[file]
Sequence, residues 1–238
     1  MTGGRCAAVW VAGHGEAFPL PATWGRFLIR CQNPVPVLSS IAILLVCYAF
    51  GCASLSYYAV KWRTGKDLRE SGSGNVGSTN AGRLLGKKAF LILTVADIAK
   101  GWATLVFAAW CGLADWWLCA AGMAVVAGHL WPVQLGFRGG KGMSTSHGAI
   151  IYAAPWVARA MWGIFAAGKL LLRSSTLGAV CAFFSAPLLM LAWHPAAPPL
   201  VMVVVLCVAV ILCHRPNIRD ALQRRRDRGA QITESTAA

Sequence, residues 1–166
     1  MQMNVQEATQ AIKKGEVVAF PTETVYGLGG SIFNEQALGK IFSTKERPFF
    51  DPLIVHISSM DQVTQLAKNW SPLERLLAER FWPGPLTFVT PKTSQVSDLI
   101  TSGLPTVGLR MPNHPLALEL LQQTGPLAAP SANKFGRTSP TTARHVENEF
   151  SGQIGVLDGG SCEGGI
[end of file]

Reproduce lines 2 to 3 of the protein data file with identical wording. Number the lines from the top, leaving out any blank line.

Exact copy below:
     1  MTGGRCAAVW VAGHGEAFPL PATWGRFLIR CQNPVPVLSS IAILLVCYAF
    51  GCASLSYYAV KWRTGKDLRE SGSGNVGSTN AGRLLGKKAF LILTVADIAK